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22 telephone system. As of early 2007, 28% of weekday trips for taller vehicles that drive like sedans. By having car-like vehi- DART paratransit (approximately 700 of 2,500 total trips) cles available for conversion to accessible vehicles, their use were being booked through XPB. DART does not track the as taxicabs is possible. Furthermore, as described later in this number of its riders who have used XPB. section, manufacturers are developing specialized taxicab sedans that can accommodate wheelchairs. Regional Transportation Commission Washoe-- Shopper Routes Taxicabs as Paratransit Vehicles In addition to ADA-complementary paratransit service The vehicles used to supply paratransit include low-floor buses, (Access), the Regional Transportation Commission (RTC) minibuses, vans, and sedans. Newly manufactured vans and Washoe (Reno, Nevada) provides a set of four shopper routes buses are usually equipped with ramps or lifts. Most taxicabs for ADA riders. These four routes run on weekdays from are sedans and usually feature cargo areas sufficient to carry 8:45 a.m. to 3:00 p.m. (fixed route and Access operate seven a folding wheelchair. days per week). Each route acts as a service route, with pick- ups and drop offs provided anywhere within each route's geo- For paratransit passengers who can travel in sedans, taxi- graphic area. Most of Reno is covered among the four routes, cabs have been used as paratransit vehicles for some time. The as well as the northern suburbs and the city of Sparks (to the extent of their effectiveness and the ways in which taxicabs are immediate east). Although there is overlap in the service areas used varies considerably from city to city. There are a num- of the four routes, riders do not transfer from one route to ber of variables at play, such as the regulatory environment, another because of the difficulty in coordinating the routes and marketplace conditions, enforcement, and training. the resulting concern of potential long wait times for riders. In some systems where ADA-complementary paratransit is These shopper routes do not accept advance reservations; offered through a mixed fleet of vehicles that includes vans they take only same-day requests. The vehicles assigned to the and sedans, the sedan service is often provided by taxicab routes (one per route) travel past certain senior housing com- companies that operate under contract. Sometimes these vehi- plexes approximately every 2 h. The housing complexes may cles are equipped with meters and can be used for any paying place signs in their front windows to indicate that a resident customer. Other times, the taxis are dedicated to paratransit wants a ride on the shopper route. If a rider boards at senior service. The drivers of these vehicles are often better trained, housing without a reservation, the rider tells the driver where providing a better quality of service to paratransit passengers. he or she wants to go. The rider also arranges the return trip with the driver. Accessible Minivans The fare for a rider on a shopper route is the same as other ADA paratransit ($1.70 per trip). The drivers offer as much or First manufactured domestically in 1983, the minivan led to more personal assistance as on Access paratransit service, as the development of taller vehicles that drive like sedans. By many riders will have packages from shopping. having car-like vehicles available for conversion to accessible vehicles, their use as taxicabs is possible. With the advent of This type of service offers a combination of the benefits of wheelchair-accessible minivans, it has become more practical fixed route (no need to reserve a trip and somewhat regular for regulatory authorities to require that a certain percentage of schedules) and paratransit (door-to-door, driver assistance the taxi fleet be wheelchair accessible. In some cities, regula- available). The vehicle productivity for these routes is 3.6 pas- tors have required operators to convert a portion of their fleets. senger trips per vehicle-hour (based on 1,900 passenger trips In other cities, regulators have issued additional licenses exclu- and 525 vehicle-hours per month). This compares with a pro- sively for accessible taxis. This has been particularly effective ductivity of 2.6 passenger trips per vehicle-hour for Access in systems with taxi medallions where demand exceeds supply. service. RTC estimated its resulting annual savings from the Although not universally true, those operating minivans that shopper routes at $170,000. are wheelchair accessible have been able to carry more pas- sengers or people with large quantities of luggage than would otherwise be able to travel together in a sedan. TAXIS AND OTHER FLEXIBLE CAPACITY This discussion focuses on the role of taxicabs in paratransit Accessible Sedans both to support ADA-complementary paratransit service as well as to meet the needs of those with impaired mobility. Sedans are another vehicle alternative for some paratransit Although most taxicabs are sedans, changes in the automobile services. Pioneered in England, the accessible taxi sedan is industry have helped to address some of the limitations of one of the latest trends in vehicles (see Figure 1). The Lon- using sedans as a paratransit resource. The minivan, first man- don Taxi is distributed in the United States through London ufactured domestically in 1983, led to the development of Taxis of North America (www.londontaxisna.com). These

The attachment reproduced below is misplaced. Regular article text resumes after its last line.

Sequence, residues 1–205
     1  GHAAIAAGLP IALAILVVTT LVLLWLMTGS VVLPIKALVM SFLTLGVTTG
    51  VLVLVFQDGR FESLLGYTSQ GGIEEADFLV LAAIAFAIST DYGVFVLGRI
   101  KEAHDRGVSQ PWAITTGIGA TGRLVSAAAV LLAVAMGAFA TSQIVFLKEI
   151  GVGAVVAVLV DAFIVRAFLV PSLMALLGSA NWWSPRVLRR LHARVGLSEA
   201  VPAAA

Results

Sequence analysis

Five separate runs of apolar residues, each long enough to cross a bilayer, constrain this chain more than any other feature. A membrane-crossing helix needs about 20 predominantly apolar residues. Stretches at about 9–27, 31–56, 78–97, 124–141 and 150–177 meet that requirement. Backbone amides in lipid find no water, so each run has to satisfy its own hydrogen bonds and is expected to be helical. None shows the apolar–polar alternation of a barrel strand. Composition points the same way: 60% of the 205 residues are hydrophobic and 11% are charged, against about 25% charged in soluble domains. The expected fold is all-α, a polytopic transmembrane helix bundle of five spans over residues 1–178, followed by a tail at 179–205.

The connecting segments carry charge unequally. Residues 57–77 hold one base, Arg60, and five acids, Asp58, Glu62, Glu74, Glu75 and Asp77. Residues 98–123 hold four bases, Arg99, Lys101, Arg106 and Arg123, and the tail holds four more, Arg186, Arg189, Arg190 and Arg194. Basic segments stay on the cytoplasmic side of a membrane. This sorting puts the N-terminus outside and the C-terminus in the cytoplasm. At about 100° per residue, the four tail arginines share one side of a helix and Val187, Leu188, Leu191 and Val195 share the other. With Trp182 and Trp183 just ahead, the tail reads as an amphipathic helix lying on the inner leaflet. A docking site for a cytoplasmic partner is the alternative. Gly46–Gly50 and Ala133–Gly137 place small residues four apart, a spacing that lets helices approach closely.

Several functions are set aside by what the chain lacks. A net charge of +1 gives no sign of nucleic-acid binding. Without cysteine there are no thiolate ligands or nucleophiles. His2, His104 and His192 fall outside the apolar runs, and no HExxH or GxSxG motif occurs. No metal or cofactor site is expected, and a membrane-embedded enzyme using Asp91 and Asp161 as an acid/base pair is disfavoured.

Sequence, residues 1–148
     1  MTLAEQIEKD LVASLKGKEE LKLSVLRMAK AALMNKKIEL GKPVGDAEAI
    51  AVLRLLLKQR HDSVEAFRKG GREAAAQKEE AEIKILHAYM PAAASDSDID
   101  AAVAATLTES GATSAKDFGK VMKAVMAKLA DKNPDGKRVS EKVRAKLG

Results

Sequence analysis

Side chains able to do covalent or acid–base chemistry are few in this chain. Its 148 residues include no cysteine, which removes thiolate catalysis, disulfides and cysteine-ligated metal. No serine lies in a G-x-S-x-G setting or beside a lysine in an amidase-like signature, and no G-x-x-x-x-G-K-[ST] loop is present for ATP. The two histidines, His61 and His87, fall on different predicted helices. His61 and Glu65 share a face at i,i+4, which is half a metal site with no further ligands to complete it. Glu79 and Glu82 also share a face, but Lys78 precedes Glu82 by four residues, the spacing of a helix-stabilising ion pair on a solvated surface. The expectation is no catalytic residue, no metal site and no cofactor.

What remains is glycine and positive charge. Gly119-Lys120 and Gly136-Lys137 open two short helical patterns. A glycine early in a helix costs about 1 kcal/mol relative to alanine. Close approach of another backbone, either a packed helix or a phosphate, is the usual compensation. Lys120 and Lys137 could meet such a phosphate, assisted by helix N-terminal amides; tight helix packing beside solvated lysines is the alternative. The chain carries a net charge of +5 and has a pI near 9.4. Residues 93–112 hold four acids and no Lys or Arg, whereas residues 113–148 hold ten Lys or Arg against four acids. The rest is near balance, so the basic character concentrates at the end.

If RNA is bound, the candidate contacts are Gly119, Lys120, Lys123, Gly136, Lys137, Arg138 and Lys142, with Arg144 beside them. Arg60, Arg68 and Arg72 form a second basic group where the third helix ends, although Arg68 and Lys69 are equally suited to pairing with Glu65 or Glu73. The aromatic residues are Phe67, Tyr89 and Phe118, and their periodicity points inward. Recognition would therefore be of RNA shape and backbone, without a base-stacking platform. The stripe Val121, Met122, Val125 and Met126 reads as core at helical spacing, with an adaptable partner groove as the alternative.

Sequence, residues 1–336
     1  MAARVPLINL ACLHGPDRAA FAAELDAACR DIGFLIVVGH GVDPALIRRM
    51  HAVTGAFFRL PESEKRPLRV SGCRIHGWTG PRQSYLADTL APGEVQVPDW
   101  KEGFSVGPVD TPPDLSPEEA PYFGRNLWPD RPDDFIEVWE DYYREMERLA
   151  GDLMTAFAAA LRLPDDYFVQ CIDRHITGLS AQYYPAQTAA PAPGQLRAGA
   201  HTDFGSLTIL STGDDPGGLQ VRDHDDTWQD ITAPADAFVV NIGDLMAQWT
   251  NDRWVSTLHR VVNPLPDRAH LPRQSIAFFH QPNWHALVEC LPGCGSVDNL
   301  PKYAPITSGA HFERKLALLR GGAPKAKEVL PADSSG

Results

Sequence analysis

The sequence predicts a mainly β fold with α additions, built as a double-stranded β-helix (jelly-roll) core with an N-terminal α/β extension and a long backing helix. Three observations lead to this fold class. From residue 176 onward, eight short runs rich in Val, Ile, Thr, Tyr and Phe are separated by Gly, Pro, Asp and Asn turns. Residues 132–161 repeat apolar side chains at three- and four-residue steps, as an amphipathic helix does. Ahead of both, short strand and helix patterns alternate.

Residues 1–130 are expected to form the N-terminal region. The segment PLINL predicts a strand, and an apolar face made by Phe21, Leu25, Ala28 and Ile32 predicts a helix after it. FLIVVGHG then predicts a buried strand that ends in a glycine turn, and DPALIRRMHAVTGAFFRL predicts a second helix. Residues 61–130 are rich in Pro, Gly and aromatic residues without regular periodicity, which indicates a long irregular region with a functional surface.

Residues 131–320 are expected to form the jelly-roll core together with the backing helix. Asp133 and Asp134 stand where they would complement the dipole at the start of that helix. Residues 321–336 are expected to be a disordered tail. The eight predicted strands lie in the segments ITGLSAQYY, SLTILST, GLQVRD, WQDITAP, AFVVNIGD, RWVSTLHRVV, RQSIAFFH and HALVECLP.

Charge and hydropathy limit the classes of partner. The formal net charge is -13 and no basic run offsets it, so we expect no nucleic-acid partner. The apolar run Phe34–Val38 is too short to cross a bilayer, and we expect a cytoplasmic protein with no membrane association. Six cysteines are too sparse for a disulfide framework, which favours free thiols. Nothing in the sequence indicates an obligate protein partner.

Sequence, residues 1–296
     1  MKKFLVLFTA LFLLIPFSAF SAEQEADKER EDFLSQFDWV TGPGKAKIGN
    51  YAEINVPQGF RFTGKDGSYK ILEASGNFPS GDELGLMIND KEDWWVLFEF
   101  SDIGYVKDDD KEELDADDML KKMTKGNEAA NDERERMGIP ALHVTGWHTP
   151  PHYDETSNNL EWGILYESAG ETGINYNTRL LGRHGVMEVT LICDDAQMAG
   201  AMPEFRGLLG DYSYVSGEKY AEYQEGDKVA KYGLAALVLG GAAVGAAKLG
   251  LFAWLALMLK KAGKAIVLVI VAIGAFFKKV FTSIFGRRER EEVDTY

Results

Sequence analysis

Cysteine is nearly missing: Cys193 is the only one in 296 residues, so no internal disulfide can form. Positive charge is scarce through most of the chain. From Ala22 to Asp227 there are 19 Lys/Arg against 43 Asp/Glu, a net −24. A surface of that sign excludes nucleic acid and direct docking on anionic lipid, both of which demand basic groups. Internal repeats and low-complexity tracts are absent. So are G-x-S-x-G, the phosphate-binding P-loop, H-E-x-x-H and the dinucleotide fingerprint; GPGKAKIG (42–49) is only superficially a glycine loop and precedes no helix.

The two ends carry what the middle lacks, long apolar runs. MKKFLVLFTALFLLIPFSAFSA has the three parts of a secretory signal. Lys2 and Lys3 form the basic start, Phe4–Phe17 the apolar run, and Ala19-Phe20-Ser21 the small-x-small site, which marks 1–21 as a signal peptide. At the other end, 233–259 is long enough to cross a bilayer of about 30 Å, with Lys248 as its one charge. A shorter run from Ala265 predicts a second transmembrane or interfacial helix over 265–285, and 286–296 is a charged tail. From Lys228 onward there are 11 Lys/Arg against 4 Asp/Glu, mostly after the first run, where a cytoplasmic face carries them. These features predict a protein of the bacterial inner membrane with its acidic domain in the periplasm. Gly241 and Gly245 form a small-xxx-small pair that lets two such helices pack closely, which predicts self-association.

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23 ble taxicab in the United States. Its major impediment is its rel- atively high initial purchase price, approximately double the cost of a typical domestic taxicab. It is possible that, over time, the cost to own such a vehicle will prove comparable to the ownership costs of a typical taxicab sedan. In terms of its proposed cost of approximately $25,000, the Standard Taxicab shows promise. Once it is deployed as a revenue-generating taxicab, more will be known about its potential for addressing the need for accessible taxicabs. King County Metro Case Study (Accessible Minivans) An ongoing partnership among King County Metro (Wash- ington State), King County's Licensing Division, and the city of Seattle is coordinating a demonstration project to provide accessible taxi service for people who use wheelchairs in King County. The program was intended to determine the potential effects of introducing low-floor accessible taxis into the 800- vehicle fleet of city and county taxis. Metro provided eight of its supervisor vehicles, which had approximately 30,000 miles of use, for these accessible taxis. The operators of these 8 vehi- cles are 16 cab drivers who formed a driver group and affil- FIGURE 1 Accessible taxi sedan. iated with one of the major taxi companies for automated dispatching services. The driver group was required to obtain $1 million in liability coverage, the same level as vehicles were priced at $49,000 in a 2005 New York Times other taxi companies participating in the Metro Access over- article (Motavalli 2005). A new sedan-based taxi called the flow program. Standard Taxicab is being marketed and developed by the Vehicle Production Group, LLC. This vehicle is designed By providing the vehicles from its own paratransit fleet, and engineered specifically for taxicab and paratransit fleets King County Metro addressed one of the key financial issues and is expected to cost approximately $25,000 according to a 2006 article in the Seattle Post-Intelligencer (Harrell 2006). of using accessible minivans as taxicabs. As a result, taxi Information on its use for wheelchairs is available at www. drivers did not have to invest in a more costly vehicle to pro- standardtaxi.com/disabled.html. Figure 2 shows a Standard vide service. Fares charged and other services are the same as Taxicab. taxi sedans. Because the London Taxi has a long record of effectiveness The program has worked reasonably well from an opera- as a taxicab in England, it is most likely suitable as an accessi- tional perspective. Monthly, they have received approximately 50 dispatch calls for Metro Access trips, 30 calls for overflow Metro Access trips, and hundreds of general public trips. Early in the project, each accessible cab provided only seven to nine trips per month for wheelchair customers. There are a few ongoing challenges. First, the size of the fleet is small and cannot adequately cover a large geographic area. If a rider who uses a wheelchair calls for an accessible taxi, the response time, although same day, is usually much longer than for calling a nonaccessible taxi. Obtaining affordable insurance also proved to be a problem, as the asso- ciation could not get onto a larger group insurance program and required extra time (four months) to obtain insurance. Their annual insurance costs amount to $10,000 per vehicle-- more than three times as expensive as for other taxis. The mini- vans get better gas mileage than the vehicles typically used as FIGURE 2 Standard taxicab. cabs (Crown Victorias); however, the cost savings are not